However, as much as I appreciated the very well-done fight scenes and car chases, I felt the inevitable lack of depth that many expect from high-action films. The plot was fine—standard, and an intriguing pull between caring and indifference—but nothing to recommend it above any other action film. Probably the most troublesome to me was the female lead, Lai, played by Qi Shu. My feelings are most likely the collective frustrations from about 50 action movies I’ve previously viewed in which the female lead can be summed up in three words: token hot girl. Lai isn’t a bad character, or a poor actress. It’s just clear that her role wasn’t exactly the result of creative inspiration. She is helpless enough, sexy enough, and screams enough to fulfill the token hot girl role.

The rest of the characters were simply fighting fodder for Statham. The “bad guy,” played by Matt Shulze, was decent, but for some reason rubbed me the wrong way. But maybe that was the point.

Rating: 11

So, if you’re in the mood for some intense driving, fascinating fight sequences, and sexy actors, this movie is an A+. For those that need more substance, it’s a B. If you need realistic movies with incredible acting and noteworthy cinematography, it’s a C. All things considered, in my opinion The Transporter translates to an 11 on the 22 scale. Please, enjoy.

Friday, September 01, 2006

The Exorcism of Emily Rose

The Exorcism of Emily Rose never really got a fair shake. Judging by how much money it pulled in, audiences gave a collective shrug. And critics weren't much friendlier: Exorcism scored a measly 46% on Metacritc and a slighly measlier 44% on Rotten Tomatoes. I'm here to tell you that it's better than that.

If you've seen the trailer, you probably identified it as a horror movie. You may have thought to yourself: "Wait, didn't they just make The Exorcist sequel a year ago?" And therein lies the problem. It's not a horror movie, and it's definitely not The Exorcist. It shares a common element (hint: exorcism), but that's really it.

The Exorcism of Emily Rose is actually a courtroom drama with bits of psychological/supernatural thriller spliced in. Taken this way, it's not half bad. It's actually two-thirds good.

Our protagonist is Erin Bruner (Laura Linney), a tough, no-nonsense, agnostic lawyer who signs on to defend Father Moore (Tom Wilkinson), the priest who was charged with negligent homicide after Emily Rose (Jennifer Carpenter) died while under his care. Emily was afflicted with either demon possession or some sort of epileptic schizophrenia; the state's case is that it was the latter and that Father Moore brought about Emily's death by treating it as demon possession. The defense, of course, is aiming to prove--or at least leave some room for the possibility--that demons were in fact plaguing Emily Rose.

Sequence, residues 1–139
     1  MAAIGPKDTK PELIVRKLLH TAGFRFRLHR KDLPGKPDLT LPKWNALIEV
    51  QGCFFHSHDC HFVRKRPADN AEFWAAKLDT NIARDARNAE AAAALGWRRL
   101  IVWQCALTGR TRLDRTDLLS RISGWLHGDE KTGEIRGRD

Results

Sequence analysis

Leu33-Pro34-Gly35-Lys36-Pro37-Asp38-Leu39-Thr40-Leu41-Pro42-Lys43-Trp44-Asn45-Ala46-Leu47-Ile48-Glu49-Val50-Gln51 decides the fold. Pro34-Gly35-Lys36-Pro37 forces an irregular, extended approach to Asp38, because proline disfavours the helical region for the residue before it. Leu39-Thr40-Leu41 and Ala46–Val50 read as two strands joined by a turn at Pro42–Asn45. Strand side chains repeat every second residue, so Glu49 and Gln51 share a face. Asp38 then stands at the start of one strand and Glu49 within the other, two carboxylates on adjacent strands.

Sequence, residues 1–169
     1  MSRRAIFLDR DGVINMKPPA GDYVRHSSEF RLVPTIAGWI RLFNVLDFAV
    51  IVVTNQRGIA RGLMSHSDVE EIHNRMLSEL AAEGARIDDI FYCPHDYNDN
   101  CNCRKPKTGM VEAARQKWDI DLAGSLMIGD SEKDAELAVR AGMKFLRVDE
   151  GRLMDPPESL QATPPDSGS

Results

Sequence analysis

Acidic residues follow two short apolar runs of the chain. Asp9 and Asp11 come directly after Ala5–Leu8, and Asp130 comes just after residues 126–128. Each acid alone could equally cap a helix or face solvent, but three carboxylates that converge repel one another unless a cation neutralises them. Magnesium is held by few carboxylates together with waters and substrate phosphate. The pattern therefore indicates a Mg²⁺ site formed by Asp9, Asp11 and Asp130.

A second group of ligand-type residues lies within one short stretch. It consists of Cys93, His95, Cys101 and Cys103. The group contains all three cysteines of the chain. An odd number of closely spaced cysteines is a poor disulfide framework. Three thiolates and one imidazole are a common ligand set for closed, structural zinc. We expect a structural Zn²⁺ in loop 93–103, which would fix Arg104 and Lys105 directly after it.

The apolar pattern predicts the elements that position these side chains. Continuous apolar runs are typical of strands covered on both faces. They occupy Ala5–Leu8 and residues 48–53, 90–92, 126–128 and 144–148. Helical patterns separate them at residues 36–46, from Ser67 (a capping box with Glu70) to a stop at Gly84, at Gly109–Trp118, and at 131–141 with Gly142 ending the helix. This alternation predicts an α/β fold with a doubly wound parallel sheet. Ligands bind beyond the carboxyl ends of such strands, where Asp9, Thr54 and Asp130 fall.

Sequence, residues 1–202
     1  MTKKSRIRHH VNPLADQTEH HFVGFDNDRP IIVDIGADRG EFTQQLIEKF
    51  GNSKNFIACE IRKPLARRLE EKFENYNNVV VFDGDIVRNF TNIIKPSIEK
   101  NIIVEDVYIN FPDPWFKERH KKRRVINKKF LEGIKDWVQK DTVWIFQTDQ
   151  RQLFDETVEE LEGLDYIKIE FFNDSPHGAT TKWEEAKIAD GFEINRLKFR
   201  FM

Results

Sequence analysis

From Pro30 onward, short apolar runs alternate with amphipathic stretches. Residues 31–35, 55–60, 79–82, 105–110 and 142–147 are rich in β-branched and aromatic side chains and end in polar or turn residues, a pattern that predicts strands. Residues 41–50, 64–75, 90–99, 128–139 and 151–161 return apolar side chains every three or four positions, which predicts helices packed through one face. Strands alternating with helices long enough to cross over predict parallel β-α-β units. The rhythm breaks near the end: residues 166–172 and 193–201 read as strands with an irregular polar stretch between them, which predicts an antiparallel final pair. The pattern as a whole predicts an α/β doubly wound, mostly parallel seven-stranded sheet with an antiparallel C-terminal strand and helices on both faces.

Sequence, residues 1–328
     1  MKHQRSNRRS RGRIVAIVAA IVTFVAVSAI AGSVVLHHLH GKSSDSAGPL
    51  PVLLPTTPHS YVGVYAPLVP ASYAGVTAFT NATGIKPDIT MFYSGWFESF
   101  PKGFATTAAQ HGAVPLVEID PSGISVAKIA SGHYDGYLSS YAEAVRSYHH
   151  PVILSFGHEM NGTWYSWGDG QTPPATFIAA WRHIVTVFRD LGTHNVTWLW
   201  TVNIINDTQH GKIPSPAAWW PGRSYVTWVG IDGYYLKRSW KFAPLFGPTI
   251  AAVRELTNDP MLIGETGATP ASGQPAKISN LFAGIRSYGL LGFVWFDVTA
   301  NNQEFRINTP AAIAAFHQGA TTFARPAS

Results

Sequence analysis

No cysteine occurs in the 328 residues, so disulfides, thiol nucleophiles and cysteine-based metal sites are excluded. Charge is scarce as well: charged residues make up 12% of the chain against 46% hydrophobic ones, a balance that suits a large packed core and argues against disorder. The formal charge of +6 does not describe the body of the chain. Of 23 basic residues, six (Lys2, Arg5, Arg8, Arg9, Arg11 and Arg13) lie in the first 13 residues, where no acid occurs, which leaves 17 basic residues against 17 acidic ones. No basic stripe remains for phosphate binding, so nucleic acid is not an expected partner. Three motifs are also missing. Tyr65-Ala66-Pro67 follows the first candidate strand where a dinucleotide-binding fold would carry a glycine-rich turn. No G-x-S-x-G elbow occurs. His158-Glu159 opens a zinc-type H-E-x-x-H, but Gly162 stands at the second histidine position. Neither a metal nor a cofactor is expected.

Essentially, it's a court case to decide whether or not demons exist. That sounds interesting enough, doesn't it?

In the interest of full disclosure, I'm already interested in this science-and-religion interplay. I work for a magazine called Science & Spirit that deals with that very topic. But I still think that a majority of Americans would be interested in hearing a jury decide on the existence or non-existence of the spirit world. And that is what this movie--based on a true story, by the way--purports to show.

For example, during a testimony about Emily's possession, the movie cuts away to show it actually happening (this is the creepy part). So we get to see, for example, random people's faces turn in to snarling demon faces with black goo coming out the eyes. And Emily's body contorted into extremely strange and seemingly quite uncomfortable positions. And we think, "Goodness, she's demon-possessed!" Then the movie will show us a witness from the prosecution, who, as the movie is showing clips of the possession again, explains how all the horrible things we just saw happen to Emily could actually be the result of mental illness. And we think, "Huh, is it really demon possession?" That back and forth is what makes the movie really neat and really worth watching.

However, as numerous critics have pointed out, Exorcism doesn't give both sides a fair shake. It gives about four fair shakes to the religion side for every one fair shake it gives to the science side, and after awhile it stops giving the science side any shakes at all. But I can understand the filmmakers' choice here. Their goal, in large part, is to freak the audience out, and demons are a lot more freaky when you believe they might exist.

Unfortunately, that choice also hamstrings the movie, making it try to do two things at once. It can either try to freak us out or try to give us an intellectual retelling of the incident (personally, I'd prefer the latter). But since it tries to do both sides at once, neither side can reach its full potential.

But, as I said at the beginning, this was still a good movie. The acting performances are passable if not earth-shattering. Jennifer Carpenter, a relatively unknown quantity, rises to the challenge of playing a demon-possessed girl, while Tom Wilkinson and Laura Linney give us what we've come to expect from Tom Wilkinson and Laura Linney. And it's legitimately creepy--I had trouble sleeping that night, which is the true test--though not as creepy, perhaps, as a straight-up horror movie. It's also legitimately thought-provoking and discussion-inducing, which for me is a mark of a good movie.

It's understandable but unfortunate that the filmmakers decided to play this middle road: A straightforward courtroom drama could have been as good as an 18 in this case, while a pure horror treatment probably would have netted it a 10. Unfortunately, Exorcism isn't as good as the sum of its parts, but it's still good enough to warrant an 8.